The ideologies and relative strength of the main political parties may also affect the quality of economic institutions. Strong differences between the parties in parliament may slow down economic reform, not only because divided parliaments may find it difficult to agree on the design of economic institutions, but also because of the threat of policy reversals should the opposition gain power.

One way of expressing these divisions that has been proposed for the transition region is the use of an index of political polarisation. This measures the representation in parliament of the largest former communist faction when an anti‑communist party controls the executive, and vice versa.2 For example, in Bulgaria in 1994 the anti-communist Union of Democratic Forces won 29 per cent of the seats in parliament and was the largest party in opposition, with the government being formed by the former communist Bulgarian Socialist Party. Bulgaria’s polarisation score in that year was therefore 29. 

The last two columns of Table 3.3 show that political polarisation is indeed associated with lower-quality economic institutions in the transition region. The interaction term with the Polity variable indicates that the effect can only be felt in relatively democratic regimes, as one would expect. The next section explores some examples of how polarisation can undermine reform.

Table 3.3

Exploring the influence of the political system on economic institutions

  World sample Transition region sample
Dependent variable WGI average WGI average WGI average Transition indicator average WGI average Transition indicator average WGI average Transition indicator average
Polity2 0.032** 0.083*** 0.036* -0.003 0.080** 0.054 0.058*** 0.079***
(0.015) (0.027) (0.020) (0.023) (0.029) (0.046) (0.017) (0.026)
Majoritarian system -0.201**   -0.229** -0.407**        
(0.084)   (0.085) (0.159)        
Polity2*Majoritarian system -0.002   -0.002 0.021        
(0.010)   (0.011) (0.018)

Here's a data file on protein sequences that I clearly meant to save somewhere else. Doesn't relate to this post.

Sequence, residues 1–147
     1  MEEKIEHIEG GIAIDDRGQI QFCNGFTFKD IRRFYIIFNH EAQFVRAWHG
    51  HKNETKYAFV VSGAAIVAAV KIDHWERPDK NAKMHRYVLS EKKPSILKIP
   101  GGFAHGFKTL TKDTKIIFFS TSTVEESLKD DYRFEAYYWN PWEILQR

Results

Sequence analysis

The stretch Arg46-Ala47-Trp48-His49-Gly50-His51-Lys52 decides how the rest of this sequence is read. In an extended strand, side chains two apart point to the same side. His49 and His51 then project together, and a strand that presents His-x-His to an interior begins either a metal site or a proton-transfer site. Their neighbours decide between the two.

Presidential system   0.156     0.158* 0.075    
  (0.094)     (0.090) (0.126)    
Polity2*Presidential system   -0.016     -0.018 -0.009    
  (0.011)     (0.011) (0.016)    
Polarisation index             -0.006 0.010
            (0.006) (0.008)
Polity2*Polarisation index             -0.002* -0.003**
            (0.001) (0.001)
Natural resources 0.000 -0.001 0.002 -0.002 -0.003 -0.005 -0.001 -0.001
(0.002) (0.002) (0.002) (0.003) (0.003) (0.005) (0.003) (0.004)
Trade openness 0.374*** 0.345*** 0.511*** 0.216 0.453*** 0.184 0.418** 0.120
(0.110) (0.111) (0.110) (0.179) (0.148) (0.215) (0.151) (0.169)
Financial openness 0.139*** 0.114*** 0.153*** 0.110*** 0.131*** 0.086** 0.088*** 0.056
(0.031) (0.038) (0.029) (0.031) (0.036) (0.040) (0.031) (0.037)
Income 0.338*** 0.359*** 0.371*** 0.081 0.354*** 0.044 0.309*** -0.027
(0.068) (0.069) (0.068) (0.079) (0.080) (0.111) (0.058) (0.083)
Observations 184 184 96 96 96 96 92 92
R-squared 0.941 0.935 0.923 0.886 0.907 0.834 0.925 0.889
Adjusted R-squared 0.934 0.928 0.907 0.863 0.888 0.801 0.909 0.865
F-value 180.771 145.444 363.096 23.075 101.457 10.810 67.188 16.479

Source: See Annex 3.2.
Note: The table shows coefficient estimates from panel regressions, based on three-year averages. Standard errors are clustered by country and shown in parentheses. All regressions include the same controls as in Tables 3.1 and 3.2: ethnic fractionalisation, state antiquity, landlocked, ruggedness, EU membership (for transition region regressions), and time fixed effects (not reported). Polity2, trade openness, financial openness, income, electoral systems, political systems, polarisation and the interaction terms are lagged by one period. Standard errors are clustered by country. *p<=0.10; **p<=0.05; *** p<=0.01.


  1. See Persson and Tabellini (2005) for a review of the literature on the economic effects of constitutions, as well as EBRD (1999). [back]
  2. See Frye (2010). [back]